Following the Sudanese government’s 8 June decision to declare Special Representative and head of the UN Integrated Transition Assistance Mission in Sudan (UNITAMS) Volker Perthes persona non grata, Council members hold diverging views about Perthes continuing in this role. During the 9 August Council meeting, while some Council members, including Albania, France, Switzerland, and the US, supported Perthes’ efforts, Russia maintained that Perthes has lost the confidence of the Sudanese people. During the meeting, Ambassador Linda Thomas-Greenfield (US) said that “the Sudanese government threatened to end the UN Mission in Sudan if the SRSG [Perthes] participated in this briefing”. In a press stakeout following the meeting, Ambassador Al-Harith Idriss al-Harith Mohamed (Sudan) referred to his government’s decision on Perthes and said that the government opposes any “working relationship” with the special representative.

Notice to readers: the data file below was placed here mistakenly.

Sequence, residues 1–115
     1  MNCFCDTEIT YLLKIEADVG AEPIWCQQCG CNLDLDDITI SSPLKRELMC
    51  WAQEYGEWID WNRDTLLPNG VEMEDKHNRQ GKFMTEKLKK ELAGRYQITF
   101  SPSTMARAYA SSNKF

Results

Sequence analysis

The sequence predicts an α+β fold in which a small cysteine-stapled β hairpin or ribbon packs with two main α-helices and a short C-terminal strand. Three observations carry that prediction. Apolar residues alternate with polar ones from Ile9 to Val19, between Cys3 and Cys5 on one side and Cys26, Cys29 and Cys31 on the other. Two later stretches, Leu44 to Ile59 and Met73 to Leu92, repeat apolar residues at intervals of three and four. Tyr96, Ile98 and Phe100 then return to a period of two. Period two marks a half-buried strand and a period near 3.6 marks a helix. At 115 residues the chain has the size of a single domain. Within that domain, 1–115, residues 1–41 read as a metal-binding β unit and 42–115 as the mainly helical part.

The UK is the penholder on Sudan, and the US is the penholder on Sudan sanctions. Ambassador Harold Adlai Agyeman (Ghana) chairs the 1591 Sudan Sanctions Committee.
UN DOCUMENTS ON SUDAN
|Security Council Meeting Records|
|9 August 2023S/PV.9394||The meeting records is about the open briefing to discuss the situation in Sudan on 9 August 2023.|
|Security Council Resolutions|
|2 June 2023S/RES/2685||The resolution renewed the mandate of the UNITAMS for six months, until 3 December 2023.|